Somehow, there’s  a  thrill of hope to see people caring for each other.

And the weary world rejoices.

And the soul felt its worth.

In this season of Epiphany, as people have taken down their Christmas trees, and have turned off the Christmas lights on their homes and in their apartment windows, perhaps we need the light more than we realize.

There’s an old proverb by Samual Rayan that gives me a moment’s hope.

It says,

“A candle is a protest at midnight.
It is non-conformist.
It says to the darkness,

‘I beg to differ.’”


  1. Emily

    Thanks for this; it’s beautiful.

  2. Lia


  3. Katherine Murphy

    Thank you for this reflection. I know many people, especially those in helping professions found 2017 exhausting.

    I find kindness, humor, and insight here. Thank you. I also go into the archives at OnBeing and listen to the unedited conversations with wise people.

    What I found in 2017 is the health and the time to volunteer with League of Women Voters. I spent over a dozen years isolated by illness. Now, in this window of health, I am being useful in a larger circe. In trying to focus on what I’m for and to try to be present for those I meet, whether walking the dog or grocery shopping or talking about civic participation with high school students.

    May 2018 bring you joyful adventures, , generous companions, and access to the well of solitude to replenish your strength.


    • Heather Williams

      Katherine, this is also a beautiful reflection! Thank you for the inspiration.

  4. Jo

    Thank you. This is a beautiful and personal reflection. It also captures so much emotion for so many.

  5. Jeff Doucette

    Profound and soul stirring.

  6. Carol

    Thank you for sharing this!

  7. Heather Williams

    Thank you for this. I felt similarly over the holiday, but keep trying to light the light.

  8. Kathleen Unger Hart

    CHRISTMAS 2005
    by Kathleen Unger Hart
    December and this sad old world
    Hauls out the Christmas lights again,
    And every Christian nation rings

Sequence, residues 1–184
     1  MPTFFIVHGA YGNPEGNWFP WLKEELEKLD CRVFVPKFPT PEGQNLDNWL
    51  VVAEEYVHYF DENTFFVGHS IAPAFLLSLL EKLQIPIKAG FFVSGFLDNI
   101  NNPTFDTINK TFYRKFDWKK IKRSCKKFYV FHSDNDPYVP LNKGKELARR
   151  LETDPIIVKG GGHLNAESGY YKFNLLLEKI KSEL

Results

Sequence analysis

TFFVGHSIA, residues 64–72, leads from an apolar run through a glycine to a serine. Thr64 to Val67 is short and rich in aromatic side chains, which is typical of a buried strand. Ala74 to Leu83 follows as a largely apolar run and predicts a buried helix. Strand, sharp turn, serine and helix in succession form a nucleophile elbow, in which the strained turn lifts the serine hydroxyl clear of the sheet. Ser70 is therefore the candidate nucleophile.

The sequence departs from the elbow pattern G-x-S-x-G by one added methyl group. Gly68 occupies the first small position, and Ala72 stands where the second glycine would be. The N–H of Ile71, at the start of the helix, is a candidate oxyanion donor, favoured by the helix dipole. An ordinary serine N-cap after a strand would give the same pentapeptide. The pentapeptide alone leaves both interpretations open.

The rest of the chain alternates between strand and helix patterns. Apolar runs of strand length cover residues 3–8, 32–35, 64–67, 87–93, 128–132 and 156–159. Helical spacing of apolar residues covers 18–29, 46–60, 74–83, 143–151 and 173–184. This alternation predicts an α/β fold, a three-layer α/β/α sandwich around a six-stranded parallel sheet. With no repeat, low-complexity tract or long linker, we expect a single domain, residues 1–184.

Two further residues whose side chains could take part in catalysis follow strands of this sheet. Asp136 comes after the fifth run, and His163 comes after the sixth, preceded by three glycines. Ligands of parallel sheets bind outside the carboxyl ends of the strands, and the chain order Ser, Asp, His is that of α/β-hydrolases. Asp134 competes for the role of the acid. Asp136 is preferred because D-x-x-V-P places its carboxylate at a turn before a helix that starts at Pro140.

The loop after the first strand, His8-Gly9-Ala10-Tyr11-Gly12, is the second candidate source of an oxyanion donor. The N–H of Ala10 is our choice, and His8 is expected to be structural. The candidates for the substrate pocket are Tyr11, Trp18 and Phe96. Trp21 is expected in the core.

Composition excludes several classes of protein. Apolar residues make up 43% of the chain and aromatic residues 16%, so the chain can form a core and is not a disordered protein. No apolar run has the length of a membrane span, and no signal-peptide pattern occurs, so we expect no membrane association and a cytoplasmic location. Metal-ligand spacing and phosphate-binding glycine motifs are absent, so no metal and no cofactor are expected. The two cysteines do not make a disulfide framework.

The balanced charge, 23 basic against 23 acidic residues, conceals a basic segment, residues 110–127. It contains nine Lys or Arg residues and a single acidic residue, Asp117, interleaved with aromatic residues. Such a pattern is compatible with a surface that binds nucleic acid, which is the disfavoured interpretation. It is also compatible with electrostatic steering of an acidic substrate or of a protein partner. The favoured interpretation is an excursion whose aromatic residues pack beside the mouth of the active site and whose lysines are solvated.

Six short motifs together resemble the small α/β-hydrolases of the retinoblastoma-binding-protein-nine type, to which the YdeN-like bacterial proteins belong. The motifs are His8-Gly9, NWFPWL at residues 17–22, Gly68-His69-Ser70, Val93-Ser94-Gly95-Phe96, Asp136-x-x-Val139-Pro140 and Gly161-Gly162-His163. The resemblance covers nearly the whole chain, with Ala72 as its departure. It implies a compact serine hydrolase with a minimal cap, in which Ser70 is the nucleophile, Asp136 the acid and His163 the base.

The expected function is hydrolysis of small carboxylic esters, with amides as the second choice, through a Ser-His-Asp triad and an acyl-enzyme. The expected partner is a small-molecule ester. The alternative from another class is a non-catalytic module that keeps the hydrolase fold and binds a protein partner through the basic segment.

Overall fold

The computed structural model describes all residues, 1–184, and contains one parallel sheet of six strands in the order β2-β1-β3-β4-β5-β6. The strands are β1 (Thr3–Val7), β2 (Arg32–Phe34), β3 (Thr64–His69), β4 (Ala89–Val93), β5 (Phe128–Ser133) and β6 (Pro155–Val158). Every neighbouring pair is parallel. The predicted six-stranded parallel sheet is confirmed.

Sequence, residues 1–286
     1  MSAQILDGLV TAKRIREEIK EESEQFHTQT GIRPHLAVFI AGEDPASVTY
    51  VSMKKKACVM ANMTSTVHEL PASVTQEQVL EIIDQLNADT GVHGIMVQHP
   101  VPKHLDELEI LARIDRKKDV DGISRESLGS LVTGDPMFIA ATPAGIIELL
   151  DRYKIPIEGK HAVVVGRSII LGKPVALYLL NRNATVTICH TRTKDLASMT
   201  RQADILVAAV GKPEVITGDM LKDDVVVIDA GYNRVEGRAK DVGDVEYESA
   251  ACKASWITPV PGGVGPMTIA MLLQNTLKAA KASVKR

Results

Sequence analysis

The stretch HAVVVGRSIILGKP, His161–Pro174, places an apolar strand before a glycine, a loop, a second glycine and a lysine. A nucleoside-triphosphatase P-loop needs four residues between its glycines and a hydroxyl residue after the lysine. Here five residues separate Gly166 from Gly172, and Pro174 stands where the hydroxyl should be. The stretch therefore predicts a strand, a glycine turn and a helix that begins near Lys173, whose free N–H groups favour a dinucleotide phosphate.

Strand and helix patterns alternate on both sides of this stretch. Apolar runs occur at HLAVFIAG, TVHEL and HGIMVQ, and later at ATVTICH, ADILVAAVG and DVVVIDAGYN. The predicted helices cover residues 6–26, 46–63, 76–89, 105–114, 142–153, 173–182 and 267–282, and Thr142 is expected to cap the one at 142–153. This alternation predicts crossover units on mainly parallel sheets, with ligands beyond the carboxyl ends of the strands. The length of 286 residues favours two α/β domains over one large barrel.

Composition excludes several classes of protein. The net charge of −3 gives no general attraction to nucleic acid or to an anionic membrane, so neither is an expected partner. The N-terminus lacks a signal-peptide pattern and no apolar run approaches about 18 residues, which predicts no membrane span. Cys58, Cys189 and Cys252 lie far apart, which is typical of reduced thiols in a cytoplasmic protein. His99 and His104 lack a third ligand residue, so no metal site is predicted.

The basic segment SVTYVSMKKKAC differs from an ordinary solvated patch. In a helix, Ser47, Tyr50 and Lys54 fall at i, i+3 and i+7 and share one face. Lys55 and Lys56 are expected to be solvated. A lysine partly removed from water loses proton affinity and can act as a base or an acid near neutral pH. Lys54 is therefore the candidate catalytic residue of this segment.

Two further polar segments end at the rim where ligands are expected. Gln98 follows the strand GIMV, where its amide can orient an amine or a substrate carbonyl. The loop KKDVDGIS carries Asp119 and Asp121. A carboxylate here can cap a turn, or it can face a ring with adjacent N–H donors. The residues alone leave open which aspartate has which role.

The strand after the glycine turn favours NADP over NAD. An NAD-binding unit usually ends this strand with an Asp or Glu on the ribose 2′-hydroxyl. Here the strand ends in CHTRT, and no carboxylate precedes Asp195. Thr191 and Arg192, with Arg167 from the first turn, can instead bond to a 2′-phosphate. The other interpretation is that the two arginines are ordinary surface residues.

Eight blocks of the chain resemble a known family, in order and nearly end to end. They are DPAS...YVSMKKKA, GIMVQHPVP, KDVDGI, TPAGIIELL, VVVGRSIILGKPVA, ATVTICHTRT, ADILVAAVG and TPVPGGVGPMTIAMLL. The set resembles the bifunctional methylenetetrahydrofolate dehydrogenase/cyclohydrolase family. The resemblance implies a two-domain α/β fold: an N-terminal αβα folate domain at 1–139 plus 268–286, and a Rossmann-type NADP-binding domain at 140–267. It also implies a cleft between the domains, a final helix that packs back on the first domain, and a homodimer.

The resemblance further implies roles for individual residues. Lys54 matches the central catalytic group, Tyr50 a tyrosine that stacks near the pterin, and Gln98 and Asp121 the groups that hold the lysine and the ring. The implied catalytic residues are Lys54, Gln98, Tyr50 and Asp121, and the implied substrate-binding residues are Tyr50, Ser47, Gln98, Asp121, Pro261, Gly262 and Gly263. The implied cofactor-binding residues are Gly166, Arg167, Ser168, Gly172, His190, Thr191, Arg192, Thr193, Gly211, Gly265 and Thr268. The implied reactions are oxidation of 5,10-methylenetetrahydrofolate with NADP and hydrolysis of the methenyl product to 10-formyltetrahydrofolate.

With “Peace on Earth, Good Will to Men.”

    And still the wars go dragging on,
    Diseases threaten worldwide death.
    Earthquakes, floods and famine kill
    Ten thousand at a single breath.

    In this dark world, so cruel and grim
    What difference can this tinsel make?
    Only to mirror a little light
    From whatever Source, for the Light’s sake.

  9. BeLikeADuck

    Scrolling through twitter this morning…trying hard to gear up for yet another day of I can’t believe these things are happening but I have to find a way to keep fighting, keep helping, keep hoping…and I click to find this.
    Not a coincidence.
    This post was a gift: a message, a gentle hug, a powerful reminder. From God — through you — to me.
    Thank you

  10. Clay


  11. Carolyn Nord

    It all boils down to Light and Darkness, doesn’t it?
    What makes vision possible for us, and what makes it impossible to see.
    We have eyes that look out upon the world around us and see the both the joys and the sorrows of our fellow humans, and Nature of which we are not only a part, but excruciatingly dependent!
    (Joy to the World! What a Wonderful World!)
    We close our eyes to look inward, to turn out all “distractions” – to be in a spiritual Island…this does seem to quiet us, to calm us, but we’ve pushed out of view where Life is happening constantly. It’s a different place…alone, no demands, no presence around us to navigate…
    (Silent Night! I am an Island!)
    Light and Darkness…not so much Good and Evil…but at such a season of holiday…more so chosen Vision or Chosen Blindness. Can I share in the Joys of the former, seeing the happiness, the exultation, the unique activities around me as I walk through my world of plenty? Can my eyes reach those places where there is need that I can assuage in some way? May I ever sing with the caroleers and gift another of my time and care in the way their need runs? And may both be a integral and most necessary part of the Celebration of the Sacrament of One Another?
    (I Wonder as I Wander. Reach Out and Touch Somebody’s Hand.)